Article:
Proposed NFL stadium in Inglewood faces FAA scrutiny over height, effects on radar


The proposed NFL stadium in Inglewood faces a new challenge, after the Federal Aviation Administration released a preliminary report saying the venue at the former Hollywood Park site is “presumed to be a hazard to air navigation.”

The 27-page report issued Monday warned the proposed $1.86-billion stadium in Inglewood could interfere with radar that tracks inbound aircraft to Los Angeles International Airport.

“The configuration of the stadium between the two runways coupled with the uncertainty of its reflective properties is the root cause of the objection to this proposal,” the report said.


The report offered various possible solutions that included relocating the stadium, reducing the height by more than 100 feet, reshaping the exterior or covering some surfaces with material that absorbs radar or isn’t reflective.

The findings allow the developers, including St. Louis Rams owner Stan Kroenke, to resolve the issues although it could add time and expense to a plan that architects have been working on for more than a year. The proposal has been entitled, designed and, planners, say, the preparation work to begin construction on the 290-acre site is nearly completed.

“I had no doubt at all that we will all work out a reasonable set of mitigation measures and we will all be happy,” said Chris Meany, senior vice president of the Hollywood Park Land Co., which controls the property.

“There is nothing about this that isn’t in the ordinary course of business. This is the process you go through.”

An FAA spokesman emphasized the report isn’t a final determination, but an initial step to open negotiations with the project backers. They can take steps to mitigate the concerns or submit evidence in an effort to show the stadium wouldn’t affect the airport radar.


The news comes at a critical time in the efforts to end the NFL’s two-decade absence from Los Angeles. The league’s Committee on L.A. Opportunities meets Wednesday in New York. The group will hear updates on the Inglewood project, as well as the rival proposal to build a stadium in Carson by the San Diego Chargers and Oakland Raiders. The three cities trying to keep their teams — San Diego, St. Louis and Oakland — also will make presentations.

The highest point of the proposed covered Inglewood stadium would be 290 feet above sea level, including a playing field that would be built 100 feet below ground in an effort to comply with FAA rules. The height is eight feet shorter than a planned stadium on the same site that received a “no hazard” determination from the FAA in 1995.

The FAA’s examination of the current project, which started in June as a routine obstruction evaluation, found the stadium’s height could create false images of aircraft or garbled images on radarscopes used by air traffic controllers.

“This is a critical area requiring precision monitoring of all aircraft activity,” the report said.

Large portions of the stadium would be covered in a metal skin, something the report called “problematic” because of the potential for the material to reflect radar signals. The complexity of the stadium’s exterior design, including “continually varying curves,” complicated the FAA’s effort to characterize the structure’s response to radar.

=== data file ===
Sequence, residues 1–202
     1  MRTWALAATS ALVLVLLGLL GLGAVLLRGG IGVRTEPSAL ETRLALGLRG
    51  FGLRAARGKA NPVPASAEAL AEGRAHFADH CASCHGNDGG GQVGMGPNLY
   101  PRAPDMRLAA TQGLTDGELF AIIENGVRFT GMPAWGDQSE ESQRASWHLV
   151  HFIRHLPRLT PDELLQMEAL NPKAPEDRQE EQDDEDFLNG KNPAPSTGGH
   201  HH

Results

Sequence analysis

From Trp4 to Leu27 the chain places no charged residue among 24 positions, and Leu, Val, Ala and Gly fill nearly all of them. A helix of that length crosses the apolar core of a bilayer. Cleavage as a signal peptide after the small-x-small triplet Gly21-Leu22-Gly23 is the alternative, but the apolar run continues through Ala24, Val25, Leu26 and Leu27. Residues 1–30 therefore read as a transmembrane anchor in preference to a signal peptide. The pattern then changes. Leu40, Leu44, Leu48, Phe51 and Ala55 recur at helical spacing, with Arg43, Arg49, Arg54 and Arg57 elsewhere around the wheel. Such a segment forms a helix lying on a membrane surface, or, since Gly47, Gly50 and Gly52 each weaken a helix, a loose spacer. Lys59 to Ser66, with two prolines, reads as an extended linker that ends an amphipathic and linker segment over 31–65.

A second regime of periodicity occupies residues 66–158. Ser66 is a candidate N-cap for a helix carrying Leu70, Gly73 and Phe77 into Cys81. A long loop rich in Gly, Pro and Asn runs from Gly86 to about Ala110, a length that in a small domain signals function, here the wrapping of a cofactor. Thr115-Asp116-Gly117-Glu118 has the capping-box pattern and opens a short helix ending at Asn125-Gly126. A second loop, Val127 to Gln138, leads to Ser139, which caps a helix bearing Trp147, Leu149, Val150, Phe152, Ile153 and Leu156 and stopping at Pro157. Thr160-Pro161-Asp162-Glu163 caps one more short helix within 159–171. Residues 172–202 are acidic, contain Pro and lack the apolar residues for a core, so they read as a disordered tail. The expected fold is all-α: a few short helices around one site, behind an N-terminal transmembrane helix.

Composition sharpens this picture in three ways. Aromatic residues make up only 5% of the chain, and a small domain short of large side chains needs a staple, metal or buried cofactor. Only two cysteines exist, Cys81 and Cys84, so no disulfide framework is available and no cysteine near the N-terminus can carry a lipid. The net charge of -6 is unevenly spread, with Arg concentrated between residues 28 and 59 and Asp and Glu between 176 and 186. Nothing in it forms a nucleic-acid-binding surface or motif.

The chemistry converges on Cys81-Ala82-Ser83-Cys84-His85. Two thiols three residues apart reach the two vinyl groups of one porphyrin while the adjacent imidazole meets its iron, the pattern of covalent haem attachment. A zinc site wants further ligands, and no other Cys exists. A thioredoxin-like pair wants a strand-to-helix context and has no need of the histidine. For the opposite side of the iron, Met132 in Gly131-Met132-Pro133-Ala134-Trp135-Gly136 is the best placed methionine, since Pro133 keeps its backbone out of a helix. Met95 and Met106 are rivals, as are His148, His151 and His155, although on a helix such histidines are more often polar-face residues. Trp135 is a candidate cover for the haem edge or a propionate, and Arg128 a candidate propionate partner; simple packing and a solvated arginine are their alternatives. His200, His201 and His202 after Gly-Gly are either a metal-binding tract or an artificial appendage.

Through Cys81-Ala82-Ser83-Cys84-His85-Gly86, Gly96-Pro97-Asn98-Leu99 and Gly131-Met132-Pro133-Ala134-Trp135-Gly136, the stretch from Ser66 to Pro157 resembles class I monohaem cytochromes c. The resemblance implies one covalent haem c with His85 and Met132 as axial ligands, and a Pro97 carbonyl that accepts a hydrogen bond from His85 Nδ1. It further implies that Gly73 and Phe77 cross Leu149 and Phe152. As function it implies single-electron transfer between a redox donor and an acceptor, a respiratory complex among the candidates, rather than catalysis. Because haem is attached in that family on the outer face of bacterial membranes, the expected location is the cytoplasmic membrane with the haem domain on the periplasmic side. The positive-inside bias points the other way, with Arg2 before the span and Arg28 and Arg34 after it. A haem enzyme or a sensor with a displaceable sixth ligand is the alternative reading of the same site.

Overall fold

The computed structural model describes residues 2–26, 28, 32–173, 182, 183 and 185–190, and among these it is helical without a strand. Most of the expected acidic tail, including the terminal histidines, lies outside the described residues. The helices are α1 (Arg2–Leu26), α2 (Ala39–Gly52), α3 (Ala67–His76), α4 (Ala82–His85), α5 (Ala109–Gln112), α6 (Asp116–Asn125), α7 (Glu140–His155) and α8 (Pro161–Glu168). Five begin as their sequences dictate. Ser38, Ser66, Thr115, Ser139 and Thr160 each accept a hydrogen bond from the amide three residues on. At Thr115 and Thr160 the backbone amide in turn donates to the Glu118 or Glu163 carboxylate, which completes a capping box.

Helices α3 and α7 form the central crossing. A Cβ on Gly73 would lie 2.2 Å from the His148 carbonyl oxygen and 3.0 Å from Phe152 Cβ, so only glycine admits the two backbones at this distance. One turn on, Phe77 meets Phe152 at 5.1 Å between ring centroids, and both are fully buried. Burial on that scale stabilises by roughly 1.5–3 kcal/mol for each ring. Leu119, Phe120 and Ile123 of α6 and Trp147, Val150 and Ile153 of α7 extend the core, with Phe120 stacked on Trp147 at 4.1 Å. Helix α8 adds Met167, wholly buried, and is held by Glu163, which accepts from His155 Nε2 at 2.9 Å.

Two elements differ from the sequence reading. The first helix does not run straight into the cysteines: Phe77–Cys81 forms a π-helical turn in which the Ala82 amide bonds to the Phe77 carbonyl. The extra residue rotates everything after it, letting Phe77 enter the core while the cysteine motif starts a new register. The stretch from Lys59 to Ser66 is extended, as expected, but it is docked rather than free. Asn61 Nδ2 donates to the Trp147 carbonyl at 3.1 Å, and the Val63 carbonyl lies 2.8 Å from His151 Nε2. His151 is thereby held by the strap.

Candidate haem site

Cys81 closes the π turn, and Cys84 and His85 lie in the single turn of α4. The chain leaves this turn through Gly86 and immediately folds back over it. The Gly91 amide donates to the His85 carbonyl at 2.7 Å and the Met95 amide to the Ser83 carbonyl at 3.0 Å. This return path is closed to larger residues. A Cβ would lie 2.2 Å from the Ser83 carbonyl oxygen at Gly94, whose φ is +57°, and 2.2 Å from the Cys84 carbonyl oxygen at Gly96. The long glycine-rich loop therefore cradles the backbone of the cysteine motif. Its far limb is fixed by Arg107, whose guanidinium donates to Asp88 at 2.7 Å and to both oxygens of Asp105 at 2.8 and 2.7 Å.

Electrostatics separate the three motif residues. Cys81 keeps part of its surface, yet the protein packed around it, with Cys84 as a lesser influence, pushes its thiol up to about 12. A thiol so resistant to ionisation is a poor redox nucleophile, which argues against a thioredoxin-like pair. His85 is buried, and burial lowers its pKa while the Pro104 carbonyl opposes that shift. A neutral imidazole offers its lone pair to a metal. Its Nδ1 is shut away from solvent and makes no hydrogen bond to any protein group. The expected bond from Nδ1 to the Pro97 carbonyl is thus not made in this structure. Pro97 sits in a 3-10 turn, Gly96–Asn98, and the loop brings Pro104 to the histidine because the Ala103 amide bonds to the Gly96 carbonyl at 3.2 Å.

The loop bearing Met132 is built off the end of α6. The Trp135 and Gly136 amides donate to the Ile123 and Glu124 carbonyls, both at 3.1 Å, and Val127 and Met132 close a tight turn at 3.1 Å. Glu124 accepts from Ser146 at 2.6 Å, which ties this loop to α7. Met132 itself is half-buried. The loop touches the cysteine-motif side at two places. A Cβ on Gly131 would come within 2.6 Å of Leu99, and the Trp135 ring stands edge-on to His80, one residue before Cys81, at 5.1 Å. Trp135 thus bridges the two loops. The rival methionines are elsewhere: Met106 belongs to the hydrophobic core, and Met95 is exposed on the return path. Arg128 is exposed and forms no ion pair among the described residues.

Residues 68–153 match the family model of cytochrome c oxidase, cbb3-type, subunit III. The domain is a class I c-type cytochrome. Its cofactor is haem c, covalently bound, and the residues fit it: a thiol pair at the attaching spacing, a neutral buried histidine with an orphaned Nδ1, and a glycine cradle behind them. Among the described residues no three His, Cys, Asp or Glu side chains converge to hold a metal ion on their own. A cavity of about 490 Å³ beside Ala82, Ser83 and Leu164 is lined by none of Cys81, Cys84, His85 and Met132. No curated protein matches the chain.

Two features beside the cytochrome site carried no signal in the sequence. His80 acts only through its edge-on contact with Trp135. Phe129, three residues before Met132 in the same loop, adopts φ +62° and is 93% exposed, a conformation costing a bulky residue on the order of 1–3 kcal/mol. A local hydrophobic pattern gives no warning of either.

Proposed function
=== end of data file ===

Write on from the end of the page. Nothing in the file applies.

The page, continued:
Reducing the current height of the wave-shaped venue would be an exceedingly unlikely prospect at this late stage.

The report also suggested the extreme step of moving the stadium, the centerpiece for a sprawling mixed-use development that would include restaurants, retail space and a performance center.

“Were the stadium relocated away from the runway approach paths, chances for successful passage would greatly improve,” the report said.

A more realistic option is the installation of radar-absorbing material at key locations around the stadium. The report estimated that would cost $40 to $80 per square foot.

The FAA evaluation focused on how the project’s height, location and size would affect nearby air traffic. Such reviews are required by the FAA for a variety of construction projects.

“This occurs rather routinely with large construction projects such as the stadium in Inglewood,” said Bill Withycombe, who retired in 2013 as the FAA’s top official for a region that includes Arizona, California and Hawaii.

The Inglewood developers have 60 days from the receipt of Monday’s report to respond to the FAA. Any changes to the stadium’s design to address the report’s concerns must be submitted for further review.

The matter won’t be circulated for public comment because it’s only an initial finding, the FAA spokesman said.

It’s unclear what, if any, effect the report will have on the timetable for the privately financed stadium’s construction. Developers have pledged to break ground in December. But NFL owners don’t plan to vote on a franchise relocating until January at the earliest.

“We think everything is on track with where we are supposed to be,” Meany said.

The project has previously faced scrutiny over its proximity to LAX. Two reports commissioned by the Anschutz Entertainment Group that became public this year questioned the proposed stadium’s safety. One of the reports, by former Homeland Security Secretary Tom Ridge, said the stadium could be vulnerable to a terrorist attack. The former head of the National Transportation Safety Board, Mark Rosenker, suggested in another report that airplane parts could fall onto the venue.

Aviation experts questioned the findings and Inglewood Mayor James T. Butts Jr. denounced Ridge’s report as “fraudulent.”

In March, AEG abandoned its longstanding plan to build an NFL stadium in downtown L.A. in the wake of the stadium plans in Carson and Inglewood.

Times staff writer Sam Farmer contributed to this report.

Twitter: @nathanfenno


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